My problem is this: the language of blood sacrifice was appropriate to people used to the sacrifices that were part of ancient temple worship, but is totally alien to our world…
Moreover, an atonement theology that says God sacrificed his own son in place of humans who needed to be punished for their sins might make some Christians love Jesus, but is an obscene picture of God. It is almost heavenly child abuse, and may infect our imagination at more earthly levels as well. I do not want to express my faith through a theology that pictures God demanding blood sacrifices in order to be reconciled to God. [John Dominic Crossan, Who Is Jesus? (Westminster: John Knox Press, 1996), 115.]
Reading the above quote from John Dominic Crossan of the “Jesus Seminar,” I am reminded of a story often told by R.C. Sproul of Ligonier Ministries
. Sproul relates:
Some parts of the Bible are so clear and simple that they are offensive to those suffering from intellectualarrogance. A few years ago I was lecturing about how Christ’s death on the cross fulfilled the curse motif of the Old Testament. In the middle of my lecture a man in the audience interrupted me, saying loudly, “That’s primitive and obscene.” I asked him to repeat his comment so that everyone present could have the opportunity to hear his complaint. When he repeated it, I said, “You are exactly right. I particularly like your choice of words, primitive and obscene.” The entire history of redemption is communicated in primitive terms from the episode of the encounter of Adam and Eve with the serpent to the devastating destruction that God visits on the chariots of Egypt in the Exodus to the crass and brutal murder of Jesus of Nazareth. The Bible reveals a God who hears the groans of all of His people, from the peasant to the philosopher, from the dull-witted to the sophisticated scholar. His message is simple enough for the most simplistic of His fallen creatures to understand. What kind of a God would reveal His love and redemption in terms so technical and concepts so profound that only an elite corps of professional scholars could understand them? God does speak in primitive terms because He is addressing Himself to primitives. At the same time, there is enough profundity contained in Scripture to keep the most astute and erudite scholars busily engaged in their theological inquiries for a lifetime.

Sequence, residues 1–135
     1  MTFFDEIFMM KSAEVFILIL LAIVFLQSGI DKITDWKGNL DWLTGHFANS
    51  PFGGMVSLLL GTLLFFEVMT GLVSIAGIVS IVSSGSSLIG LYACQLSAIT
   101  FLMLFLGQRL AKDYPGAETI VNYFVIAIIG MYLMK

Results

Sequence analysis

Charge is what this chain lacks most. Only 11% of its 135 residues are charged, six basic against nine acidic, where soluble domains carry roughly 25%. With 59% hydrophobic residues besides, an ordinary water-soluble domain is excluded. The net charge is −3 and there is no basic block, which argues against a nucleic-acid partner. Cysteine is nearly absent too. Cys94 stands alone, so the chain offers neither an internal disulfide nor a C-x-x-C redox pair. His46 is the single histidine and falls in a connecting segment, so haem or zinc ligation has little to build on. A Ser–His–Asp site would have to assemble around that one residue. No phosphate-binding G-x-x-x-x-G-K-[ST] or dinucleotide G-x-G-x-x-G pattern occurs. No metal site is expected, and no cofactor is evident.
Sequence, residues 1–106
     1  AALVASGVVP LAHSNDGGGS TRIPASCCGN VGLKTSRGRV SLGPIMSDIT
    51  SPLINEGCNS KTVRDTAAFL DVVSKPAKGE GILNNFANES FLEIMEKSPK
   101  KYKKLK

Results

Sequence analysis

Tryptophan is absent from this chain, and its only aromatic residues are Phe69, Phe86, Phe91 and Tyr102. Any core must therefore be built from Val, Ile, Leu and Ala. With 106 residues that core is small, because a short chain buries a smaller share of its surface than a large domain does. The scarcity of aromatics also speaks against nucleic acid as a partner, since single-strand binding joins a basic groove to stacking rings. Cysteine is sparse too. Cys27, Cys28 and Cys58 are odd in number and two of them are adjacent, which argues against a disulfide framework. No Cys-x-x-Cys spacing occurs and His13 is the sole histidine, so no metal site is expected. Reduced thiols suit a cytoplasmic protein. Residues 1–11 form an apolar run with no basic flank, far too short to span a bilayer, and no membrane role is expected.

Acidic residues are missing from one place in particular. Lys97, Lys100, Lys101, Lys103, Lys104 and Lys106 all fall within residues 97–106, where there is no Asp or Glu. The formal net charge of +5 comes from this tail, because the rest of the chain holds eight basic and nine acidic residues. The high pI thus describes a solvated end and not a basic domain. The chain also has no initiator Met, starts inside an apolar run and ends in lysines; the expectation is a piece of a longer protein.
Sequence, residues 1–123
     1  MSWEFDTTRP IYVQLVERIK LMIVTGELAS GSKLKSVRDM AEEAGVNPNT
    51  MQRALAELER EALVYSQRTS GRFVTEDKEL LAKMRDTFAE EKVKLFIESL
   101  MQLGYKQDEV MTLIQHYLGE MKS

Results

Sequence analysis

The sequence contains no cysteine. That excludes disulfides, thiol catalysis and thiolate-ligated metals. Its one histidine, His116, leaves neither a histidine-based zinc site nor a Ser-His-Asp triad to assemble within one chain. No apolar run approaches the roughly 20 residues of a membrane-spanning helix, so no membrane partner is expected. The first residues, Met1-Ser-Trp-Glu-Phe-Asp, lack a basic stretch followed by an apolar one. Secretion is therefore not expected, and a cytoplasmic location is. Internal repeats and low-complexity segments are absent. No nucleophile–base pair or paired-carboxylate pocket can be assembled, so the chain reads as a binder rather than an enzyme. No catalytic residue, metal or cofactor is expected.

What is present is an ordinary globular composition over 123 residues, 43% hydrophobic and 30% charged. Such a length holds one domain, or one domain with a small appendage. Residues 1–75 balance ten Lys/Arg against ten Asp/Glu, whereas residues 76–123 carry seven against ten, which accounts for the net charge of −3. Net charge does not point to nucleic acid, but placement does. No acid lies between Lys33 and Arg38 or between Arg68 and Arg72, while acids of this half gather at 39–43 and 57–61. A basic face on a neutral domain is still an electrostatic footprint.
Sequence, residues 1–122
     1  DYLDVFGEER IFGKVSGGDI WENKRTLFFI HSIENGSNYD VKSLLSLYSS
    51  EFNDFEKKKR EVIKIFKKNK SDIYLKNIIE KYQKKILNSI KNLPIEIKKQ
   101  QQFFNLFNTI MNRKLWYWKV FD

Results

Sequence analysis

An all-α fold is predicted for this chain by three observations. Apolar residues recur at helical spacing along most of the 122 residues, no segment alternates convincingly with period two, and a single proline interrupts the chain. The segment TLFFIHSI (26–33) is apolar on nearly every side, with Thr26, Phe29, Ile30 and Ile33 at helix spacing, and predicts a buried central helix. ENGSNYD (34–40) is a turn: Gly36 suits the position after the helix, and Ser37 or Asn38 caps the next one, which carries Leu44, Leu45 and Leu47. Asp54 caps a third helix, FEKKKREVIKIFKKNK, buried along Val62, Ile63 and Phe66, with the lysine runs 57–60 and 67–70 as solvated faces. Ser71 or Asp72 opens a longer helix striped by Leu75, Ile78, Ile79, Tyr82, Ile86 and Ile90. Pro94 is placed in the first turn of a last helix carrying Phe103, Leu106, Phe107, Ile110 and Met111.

If primitive is an appropriate word to describe the content of Scripture, obscene is even more so. All of the obscenities of sin are recorded with clear and forthright language in the Scripture. And what is more obscene than the cross? Here we have obscenity on a cosmic scale. On the cross Christ takes upon himself human obscenities to redeem them. [R.C. Sproul, Knowing Scripture (Downers Grove: InterVarsity Press, 1977), 15-16.]
And so Crossan is not the first person to have a “problem” with the sacrifice of Jesus Christ for our redemption on the cross. In fact, people have always had a problem with the message of the cross, from the very beginning of the Church, as explained by the Apostle Paul: